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Really-Open eBook reader?

Discussion in 'Android Lounge' started by Crell, Jul 1, 2010.

  1. Crell

    Crell Active Member
    Thread Starter

    Hi folks.

    My mother recently indicated that she's considering being in the market for an ebook reader. However she is, bless her soul, firmly insistent on open format, DRM-free, and the ability to "really own" a book she's downloaded. She doesn't even want the potential for a Kindle-1984-type remote-wipe or an inability to move a book to another device later. (Yes, my mother has grown up to be a Free Software evangelist. I'm so proud of her. *sniff*)

    Of course, she doesn't know the ebook market all that well, and frankly neither do I. She's considering the B&N Nook, but from what little I know it has the same lock-in problems as the Kindle.

    So my question is, I suppose, two-fold:

    1) Are there any ebook stores or services available for any device that don't treat customers are criminals waiting to happen, and use a DRM-free format without revocation ability? Are they bound to a given device, or are there any that work on an arbitrary Android device? A good ebook reader app or use of the open ePub format (for which I understand there are several readers available) is a plus here.

    2) Of the various devices out there (both phone and non-phone), which make particularly good ebook readers? She has a decently large purse but it still wouldn't hold an iPad-sized device comfortably, but at the same time a 3-inch screen is not going to work for her eyes. (It barely works for mine.) What's a good device if that's your main interest? Any good/bad experiences here, or at least things to look for?

    Help a freedom-loving lady out! :)


  2. lucky_lindy

    lucky_lindy New Member

    Jul 1, 2010
    My husband and I are avid ebook readers. Here's how it came about... I installed mobipocket (free reader) on both our blackberries. I converted any files with mobipocket creator (free). We read tons of books on our blackberries, but I recently upgraded to an Evo. I now use Wordplayer (free app) and hubby now has a sony ereader that I picked up on sale at Wal-mart last week for 139.00.

    I use the superb Calibre book manager program (again...free) on my computer to sync to both of our devices. It is a super-simple interface, and I have yet to come across any DRM issues whatsoever. Calibre converts whatever you give it to countless ebook formats. Say I put in a .pdf and want a .prc. for him, but a .lit for me, not an issue. I almost forgot, I also use the Stanza app (pretty sure that was free. I do enjoy free) on my Ipod touch and Calibre sends wirelessly to that as well. The other two have to be plugged in the usb ports.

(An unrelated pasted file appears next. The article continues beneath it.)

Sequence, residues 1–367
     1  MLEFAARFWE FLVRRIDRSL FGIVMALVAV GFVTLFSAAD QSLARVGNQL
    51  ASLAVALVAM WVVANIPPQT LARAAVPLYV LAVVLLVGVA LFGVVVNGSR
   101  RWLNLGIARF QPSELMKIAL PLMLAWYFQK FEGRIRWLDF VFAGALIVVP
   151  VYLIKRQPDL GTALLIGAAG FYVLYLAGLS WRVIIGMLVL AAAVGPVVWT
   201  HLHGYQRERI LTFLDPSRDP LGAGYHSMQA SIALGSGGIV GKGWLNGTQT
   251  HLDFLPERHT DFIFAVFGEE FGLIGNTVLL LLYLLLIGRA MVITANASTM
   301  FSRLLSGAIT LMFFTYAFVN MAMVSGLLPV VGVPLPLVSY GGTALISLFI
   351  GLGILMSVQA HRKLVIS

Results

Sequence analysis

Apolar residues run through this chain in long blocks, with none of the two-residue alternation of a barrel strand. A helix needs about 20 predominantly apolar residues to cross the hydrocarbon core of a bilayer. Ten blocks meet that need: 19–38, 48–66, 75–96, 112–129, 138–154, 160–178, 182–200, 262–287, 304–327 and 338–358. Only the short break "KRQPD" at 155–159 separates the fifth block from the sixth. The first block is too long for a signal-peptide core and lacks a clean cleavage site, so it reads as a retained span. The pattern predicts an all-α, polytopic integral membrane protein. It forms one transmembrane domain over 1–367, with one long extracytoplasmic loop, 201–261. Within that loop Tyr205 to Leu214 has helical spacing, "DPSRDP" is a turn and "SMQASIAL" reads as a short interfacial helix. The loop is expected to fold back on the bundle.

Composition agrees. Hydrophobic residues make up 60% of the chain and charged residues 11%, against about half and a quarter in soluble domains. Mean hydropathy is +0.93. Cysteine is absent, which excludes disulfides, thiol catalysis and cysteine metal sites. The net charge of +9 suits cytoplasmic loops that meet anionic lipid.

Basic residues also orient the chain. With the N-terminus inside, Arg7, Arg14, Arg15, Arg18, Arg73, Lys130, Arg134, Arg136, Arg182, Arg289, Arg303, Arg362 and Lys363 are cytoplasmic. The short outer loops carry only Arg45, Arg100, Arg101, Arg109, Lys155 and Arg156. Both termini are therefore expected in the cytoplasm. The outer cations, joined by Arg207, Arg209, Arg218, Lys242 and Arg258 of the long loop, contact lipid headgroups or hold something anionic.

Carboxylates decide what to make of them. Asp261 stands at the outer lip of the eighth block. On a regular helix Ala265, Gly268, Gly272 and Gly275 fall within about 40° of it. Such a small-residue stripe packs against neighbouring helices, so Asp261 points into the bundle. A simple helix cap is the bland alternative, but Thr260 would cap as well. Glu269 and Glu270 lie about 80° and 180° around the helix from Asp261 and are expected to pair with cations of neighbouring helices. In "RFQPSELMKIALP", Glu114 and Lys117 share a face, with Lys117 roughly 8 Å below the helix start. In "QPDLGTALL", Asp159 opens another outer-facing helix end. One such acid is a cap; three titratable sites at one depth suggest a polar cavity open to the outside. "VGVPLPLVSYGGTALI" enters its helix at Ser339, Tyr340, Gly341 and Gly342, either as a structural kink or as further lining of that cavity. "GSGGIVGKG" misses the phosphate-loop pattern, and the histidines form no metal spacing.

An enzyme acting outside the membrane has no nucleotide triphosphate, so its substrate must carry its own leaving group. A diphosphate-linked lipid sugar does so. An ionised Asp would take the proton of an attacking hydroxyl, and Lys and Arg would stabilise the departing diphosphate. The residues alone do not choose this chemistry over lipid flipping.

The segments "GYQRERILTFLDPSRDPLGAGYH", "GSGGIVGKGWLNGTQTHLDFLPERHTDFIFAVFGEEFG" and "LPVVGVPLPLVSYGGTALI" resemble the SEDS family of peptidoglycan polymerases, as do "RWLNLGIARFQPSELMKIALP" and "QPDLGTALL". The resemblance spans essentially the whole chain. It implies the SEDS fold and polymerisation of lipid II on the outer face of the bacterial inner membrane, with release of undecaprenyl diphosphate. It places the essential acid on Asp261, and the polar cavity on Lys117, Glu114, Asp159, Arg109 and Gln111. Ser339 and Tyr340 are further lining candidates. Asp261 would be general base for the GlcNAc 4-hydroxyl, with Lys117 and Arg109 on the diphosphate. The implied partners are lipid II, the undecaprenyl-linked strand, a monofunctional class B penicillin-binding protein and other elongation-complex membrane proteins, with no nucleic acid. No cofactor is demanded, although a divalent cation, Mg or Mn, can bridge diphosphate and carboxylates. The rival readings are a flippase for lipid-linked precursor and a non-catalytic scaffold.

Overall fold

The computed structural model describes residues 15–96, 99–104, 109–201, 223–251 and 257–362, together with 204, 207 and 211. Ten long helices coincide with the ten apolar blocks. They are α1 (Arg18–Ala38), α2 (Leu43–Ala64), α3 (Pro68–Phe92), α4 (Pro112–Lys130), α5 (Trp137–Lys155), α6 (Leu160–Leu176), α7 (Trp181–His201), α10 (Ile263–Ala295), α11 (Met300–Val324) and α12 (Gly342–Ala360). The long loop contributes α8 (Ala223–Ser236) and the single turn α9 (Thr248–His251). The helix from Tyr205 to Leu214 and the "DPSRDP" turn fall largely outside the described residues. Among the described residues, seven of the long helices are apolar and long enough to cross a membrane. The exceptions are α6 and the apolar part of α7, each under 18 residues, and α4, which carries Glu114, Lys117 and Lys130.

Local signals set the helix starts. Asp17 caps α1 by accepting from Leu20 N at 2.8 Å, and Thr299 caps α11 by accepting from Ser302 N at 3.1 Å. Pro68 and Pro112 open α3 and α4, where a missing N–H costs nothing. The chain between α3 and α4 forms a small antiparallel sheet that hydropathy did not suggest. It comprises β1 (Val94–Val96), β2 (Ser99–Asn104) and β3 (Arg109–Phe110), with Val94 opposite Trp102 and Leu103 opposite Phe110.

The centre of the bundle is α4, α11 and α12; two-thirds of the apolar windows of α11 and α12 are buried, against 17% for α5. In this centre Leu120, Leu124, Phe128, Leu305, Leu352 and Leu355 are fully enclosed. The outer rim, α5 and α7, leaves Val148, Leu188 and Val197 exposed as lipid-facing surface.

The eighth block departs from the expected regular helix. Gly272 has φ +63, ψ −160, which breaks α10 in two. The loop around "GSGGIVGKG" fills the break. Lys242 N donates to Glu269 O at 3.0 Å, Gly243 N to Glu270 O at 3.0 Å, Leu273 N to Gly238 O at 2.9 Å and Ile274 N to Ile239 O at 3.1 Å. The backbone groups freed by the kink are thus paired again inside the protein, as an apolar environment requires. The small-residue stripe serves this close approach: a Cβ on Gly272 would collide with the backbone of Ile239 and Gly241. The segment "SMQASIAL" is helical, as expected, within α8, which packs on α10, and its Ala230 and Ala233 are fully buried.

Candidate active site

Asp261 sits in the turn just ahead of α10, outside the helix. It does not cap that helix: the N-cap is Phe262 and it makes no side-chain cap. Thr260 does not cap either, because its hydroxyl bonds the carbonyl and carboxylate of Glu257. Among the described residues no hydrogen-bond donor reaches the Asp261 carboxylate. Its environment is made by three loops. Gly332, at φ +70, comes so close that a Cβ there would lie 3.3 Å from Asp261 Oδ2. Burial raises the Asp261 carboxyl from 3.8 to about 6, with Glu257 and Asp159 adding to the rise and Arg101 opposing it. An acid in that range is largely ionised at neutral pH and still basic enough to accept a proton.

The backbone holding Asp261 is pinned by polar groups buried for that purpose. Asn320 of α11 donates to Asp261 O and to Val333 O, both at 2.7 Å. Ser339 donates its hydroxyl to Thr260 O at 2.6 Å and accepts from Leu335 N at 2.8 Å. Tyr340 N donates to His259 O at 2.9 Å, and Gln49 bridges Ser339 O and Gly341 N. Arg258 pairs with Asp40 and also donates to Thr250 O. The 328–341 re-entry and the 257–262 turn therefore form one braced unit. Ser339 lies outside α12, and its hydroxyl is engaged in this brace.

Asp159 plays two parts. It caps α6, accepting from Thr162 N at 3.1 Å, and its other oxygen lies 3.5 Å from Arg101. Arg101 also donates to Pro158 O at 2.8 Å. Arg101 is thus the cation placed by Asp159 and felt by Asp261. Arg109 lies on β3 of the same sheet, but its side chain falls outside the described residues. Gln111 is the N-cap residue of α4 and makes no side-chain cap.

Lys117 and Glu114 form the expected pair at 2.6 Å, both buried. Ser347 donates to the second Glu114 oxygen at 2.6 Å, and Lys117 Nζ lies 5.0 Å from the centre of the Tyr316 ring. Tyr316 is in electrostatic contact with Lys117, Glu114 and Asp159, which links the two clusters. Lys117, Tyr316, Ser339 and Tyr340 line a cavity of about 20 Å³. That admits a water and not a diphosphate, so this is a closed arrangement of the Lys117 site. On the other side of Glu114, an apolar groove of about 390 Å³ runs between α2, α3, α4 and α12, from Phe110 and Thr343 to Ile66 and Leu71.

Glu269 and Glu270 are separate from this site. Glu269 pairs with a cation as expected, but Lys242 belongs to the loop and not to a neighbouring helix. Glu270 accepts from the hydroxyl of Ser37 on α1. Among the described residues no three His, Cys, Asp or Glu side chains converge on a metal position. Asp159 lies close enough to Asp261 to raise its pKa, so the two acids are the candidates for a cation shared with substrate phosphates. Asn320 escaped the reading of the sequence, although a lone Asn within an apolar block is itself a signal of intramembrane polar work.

If your mom wants a larger screen, the sony reader is very nice. Only issue is no backlight, so if she likes to read in the dark, she will have to opt for a more expensive one. Also it is not a touchscreen, but this also eliminates accidental page turns.

    Hope this helps!
  3. wayrad

    wayrad Well-Known Member

    May 12, 2010
    Long Island
    Baen Books doesn't use DRM (their editor opposes it vociferously). Their books are available in several formats, including .epub, via Webscriptions. Most are science fiction or fantasy though; I hope your mom likes those! (Edited to add: I think Bewrite Books is also DRM-free, but I'm not familiar with them.)

    I'm enjoying reading on my Droid Incredible (3.7" screen), but I am not sure whether the SD card can be remotely accessed. If this is a concern you might be safer with a non-Internet-connected (or intermittently connected) device. How about the Nokia Internet Tablet series? My n800 had a decent sized screen but would still fit in a (large) pocket. It could connect to wifi but didn't require it for all its functions. Had a more advanced FBReader version than the Android one, so epubs were no problem. And AFAIK Nokia had not the slightest interest in accessing or monetizing user information - the devices were almost more like a testbed/developers' toy than a fullblown consumer product.

    If your mom wants e-ink, I'd suggest checking the wiki over at Mobileread; they have exhaustive comparisons of various devices on the market.
  4. Crell

    Crell Active Member
    Thread Starter

    Mom is mostly a Sci-Fi and Romance person. I'm familiar with Baen, and props to them.

    So the higher-end phones (3.7" and up screens) work as ebook readers? That's good to know, especially as I plan to be buying one myself in the near future. I'll check out Mobileread as well.

    Thanks! Any others with input, please share!

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